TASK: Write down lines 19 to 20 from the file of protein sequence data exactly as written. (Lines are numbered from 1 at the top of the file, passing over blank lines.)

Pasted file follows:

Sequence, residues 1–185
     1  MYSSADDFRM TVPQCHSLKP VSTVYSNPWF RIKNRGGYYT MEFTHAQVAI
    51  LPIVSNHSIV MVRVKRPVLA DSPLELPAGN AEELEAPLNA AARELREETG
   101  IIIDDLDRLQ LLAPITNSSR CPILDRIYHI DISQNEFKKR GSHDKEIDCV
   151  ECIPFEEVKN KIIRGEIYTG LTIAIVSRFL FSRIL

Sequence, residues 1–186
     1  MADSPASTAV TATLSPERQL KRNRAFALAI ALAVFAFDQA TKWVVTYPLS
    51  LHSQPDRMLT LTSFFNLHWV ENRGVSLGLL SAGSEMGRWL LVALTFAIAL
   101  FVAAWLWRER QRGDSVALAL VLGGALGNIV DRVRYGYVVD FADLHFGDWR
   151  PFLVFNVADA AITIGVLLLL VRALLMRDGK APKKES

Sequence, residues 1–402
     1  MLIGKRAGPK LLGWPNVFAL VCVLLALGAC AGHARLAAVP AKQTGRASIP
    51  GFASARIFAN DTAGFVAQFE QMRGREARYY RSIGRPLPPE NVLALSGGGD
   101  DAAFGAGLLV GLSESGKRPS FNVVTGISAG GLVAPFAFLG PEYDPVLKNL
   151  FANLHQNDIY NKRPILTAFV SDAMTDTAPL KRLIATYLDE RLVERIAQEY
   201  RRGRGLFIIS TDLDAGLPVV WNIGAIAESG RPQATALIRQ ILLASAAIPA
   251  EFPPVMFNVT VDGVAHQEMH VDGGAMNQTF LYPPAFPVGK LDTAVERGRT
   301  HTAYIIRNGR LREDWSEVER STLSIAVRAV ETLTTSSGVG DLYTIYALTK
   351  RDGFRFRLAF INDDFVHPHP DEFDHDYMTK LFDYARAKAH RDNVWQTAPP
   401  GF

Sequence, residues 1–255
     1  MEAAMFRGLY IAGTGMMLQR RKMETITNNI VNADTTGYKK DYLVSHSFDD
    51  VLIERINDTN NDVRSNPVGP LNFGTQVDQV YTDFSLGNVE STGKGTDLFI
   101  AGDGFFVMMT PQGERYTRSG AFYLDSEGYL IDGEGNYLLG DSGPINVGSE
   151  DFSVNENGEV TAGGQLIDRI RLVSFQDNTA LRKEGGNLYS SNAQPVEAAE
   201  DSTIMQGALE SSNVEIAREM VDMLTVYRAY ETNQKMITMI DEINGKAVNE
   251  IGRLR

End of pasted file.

   351  RDGFRFRLAF INDDFVHPHP DEFDHDYMTK LFDYARAKAH RDNVWQTAPP
   401  GF